[First look + plans] Emerging practice Ashton Porter has revealed these images of its new ‘suburban studio’, built in the back garden of a north London home
The £120,000 project is clad in timber and features walls constructed entirely from stressed ply composite panels.
The firm is headed by Abigail Ashton and Andrew Porter who also collaborate with Christine Hawley as part of the Bartlett think tank Metamode.
Click here for the full photo-diary of the construction of the 60m² suburban studio.
Source: Riddle Stagg
The architect’s view
The main studio facade that addresses the garden floats above a glass panel and forms a screen to separate the work space of the studio from the domestic garden, a floating fence. The typical green suburban garden is replaced by a folded timber landscape characterised by a series of pop up activities including a heated paddling pool, a sand pit and a fire pit. The materials of the studio make reference to the suburban context; timber cladding echos domestic fencing, corrugated aluminum refers to inter-war prefabricated garages and a former Anderson shelter. The studio is super-insulated and benefits from a sedum roof; heating is provided by Apple Macintosh computers with very occasional recourse to underfloor heating. The main facade is unsupported along its full length and rests on cantilevered side walls. The wall construction is entirely from stressed ply composite panels with no hidden steel supporting frame.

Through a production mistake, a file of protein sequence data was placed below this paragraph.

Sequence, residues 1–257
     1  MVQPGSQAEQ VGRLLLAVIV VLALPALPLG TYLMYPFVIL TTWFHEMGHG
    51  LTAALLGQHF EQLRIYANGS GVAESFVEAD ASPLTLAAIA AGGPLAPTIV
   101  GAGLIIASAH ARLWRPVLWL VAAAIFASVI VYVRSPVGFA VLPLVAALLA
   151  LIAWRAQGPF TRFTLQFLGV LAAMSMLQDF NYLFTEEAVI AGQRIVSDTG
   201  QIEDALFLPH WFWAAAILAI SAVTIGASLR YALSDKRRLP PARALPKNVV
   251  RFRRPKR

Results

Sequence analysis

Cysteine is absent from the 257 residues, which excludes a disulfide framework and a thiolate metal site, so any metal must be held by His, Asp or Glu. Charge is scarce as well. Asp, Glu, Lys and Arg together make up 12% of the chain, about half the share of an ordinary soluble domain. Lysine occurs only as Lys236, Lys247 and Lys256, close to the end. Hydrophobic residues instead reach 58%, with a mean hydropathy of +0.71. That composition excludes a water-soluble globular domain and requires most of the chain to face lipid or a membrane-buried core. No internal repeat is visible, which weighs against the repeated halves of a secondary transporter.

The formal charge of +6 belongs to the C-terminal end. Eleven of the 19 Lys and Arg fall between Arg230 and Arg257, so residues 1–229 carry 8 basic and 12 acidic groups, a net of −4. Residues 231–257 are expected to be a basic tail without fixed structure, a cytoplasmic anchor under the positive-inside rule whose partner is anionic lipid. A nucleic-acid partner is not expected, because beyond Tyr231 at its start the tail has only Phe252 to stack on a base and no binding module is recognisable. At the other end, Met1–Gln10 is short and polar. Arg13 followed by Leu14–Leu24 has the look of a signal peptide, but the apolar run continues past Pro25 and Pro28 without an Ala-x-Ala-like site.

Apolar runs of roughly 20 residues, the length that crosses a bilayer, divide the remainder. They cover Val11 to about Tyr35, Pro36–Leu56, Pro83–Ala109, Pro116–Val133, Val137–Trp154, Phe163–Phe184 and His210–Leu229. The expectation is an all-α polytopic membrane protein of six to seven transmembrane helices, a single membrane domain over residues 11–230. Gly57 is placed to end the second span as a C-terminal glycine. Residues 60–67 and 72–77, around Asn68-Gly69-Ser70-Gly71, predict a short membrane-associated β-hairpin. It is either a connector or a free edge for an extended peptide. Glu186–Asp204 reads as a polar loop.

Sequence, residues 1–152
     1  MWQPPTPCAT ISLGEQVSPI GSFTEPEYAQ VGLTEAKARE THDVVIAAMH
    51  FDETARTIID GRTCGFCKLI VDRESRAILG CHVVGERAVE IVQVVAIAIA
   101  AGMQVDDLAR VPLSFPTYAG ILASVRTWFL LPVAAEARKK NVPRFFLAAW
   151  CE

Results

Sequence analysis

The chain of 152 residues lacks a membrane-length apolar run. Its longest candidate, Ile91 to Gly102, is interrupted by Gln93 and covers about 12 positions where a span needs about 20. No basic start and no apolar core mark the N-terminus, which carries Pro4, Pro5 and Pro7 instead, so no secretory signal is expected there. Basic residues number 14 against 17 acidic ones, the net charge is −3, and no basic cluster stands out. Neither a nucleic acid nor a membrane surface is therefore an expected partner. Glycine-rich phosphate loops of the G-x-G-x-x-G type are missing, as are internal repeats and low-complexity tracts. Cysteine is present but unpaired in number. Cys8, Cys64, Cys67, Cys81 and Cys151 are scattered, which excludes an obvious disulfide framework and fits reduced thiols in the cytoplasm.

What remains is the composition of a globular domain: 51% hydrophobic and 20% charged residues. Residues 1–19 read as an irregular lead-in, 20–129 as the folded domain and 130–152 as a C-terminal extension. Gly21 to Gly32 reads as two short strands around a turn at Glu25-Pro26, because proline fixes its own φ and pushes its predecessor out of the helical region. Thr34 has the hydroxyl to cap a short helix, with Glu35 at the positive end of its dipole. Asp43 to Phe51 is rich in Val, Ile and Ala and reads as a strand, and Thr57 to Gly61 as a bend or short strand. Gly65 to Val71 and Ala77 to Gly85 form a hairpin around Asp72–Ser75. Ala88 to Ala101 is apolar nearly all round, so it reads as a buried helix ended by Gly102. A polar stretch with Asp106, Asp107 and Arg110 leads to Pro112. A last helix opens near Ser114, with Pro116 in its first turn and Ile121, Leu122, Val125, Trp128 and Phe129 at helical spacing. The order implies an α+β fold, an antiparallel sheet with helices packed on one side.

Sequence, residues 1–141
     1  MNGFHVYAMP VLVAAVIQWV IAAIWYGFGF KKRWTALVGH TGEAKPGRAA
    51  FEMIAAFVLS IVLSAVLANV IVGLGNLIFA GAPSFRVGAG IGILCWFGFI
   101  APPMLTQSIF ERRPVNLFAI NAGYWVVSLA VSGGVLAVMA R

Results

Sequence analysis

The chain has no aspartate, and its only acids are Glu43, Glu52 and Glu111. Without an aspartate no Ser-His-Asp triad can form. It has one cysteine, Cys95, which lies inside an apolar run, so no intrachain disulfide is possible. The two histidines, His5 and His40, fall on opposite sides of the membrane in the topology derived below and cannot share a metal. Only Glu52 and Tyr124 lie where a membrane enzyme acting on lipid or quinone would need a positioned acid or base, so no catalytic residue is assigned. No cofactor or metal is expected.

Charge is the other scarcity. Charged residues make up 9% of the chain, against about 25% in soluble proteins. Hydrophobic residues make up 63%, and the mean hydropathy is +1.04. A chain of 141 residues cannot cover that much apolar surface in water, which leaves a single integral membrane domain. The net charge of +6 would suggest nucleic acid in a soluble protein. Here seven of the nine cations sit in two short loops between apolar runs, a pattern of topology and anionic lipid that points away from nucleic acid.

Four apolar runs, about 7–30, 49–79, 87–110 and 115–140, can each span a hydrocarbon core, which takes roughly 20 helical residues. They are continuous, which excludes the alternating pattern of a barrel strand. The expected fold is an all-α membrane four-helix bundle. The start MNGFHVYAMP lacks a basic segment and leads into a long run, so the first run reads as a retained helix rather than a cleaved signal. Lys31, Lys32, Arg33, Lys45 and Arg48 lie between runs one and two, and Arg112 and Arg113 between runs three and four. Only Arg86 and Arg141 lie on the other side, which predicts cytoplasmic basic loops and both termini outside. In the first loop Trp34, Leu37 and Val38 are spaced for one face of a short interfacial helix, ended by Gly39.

Cost: £120 000
Internal area: 60m²
Landscaping area: 120m²
Architects: Ashton Porter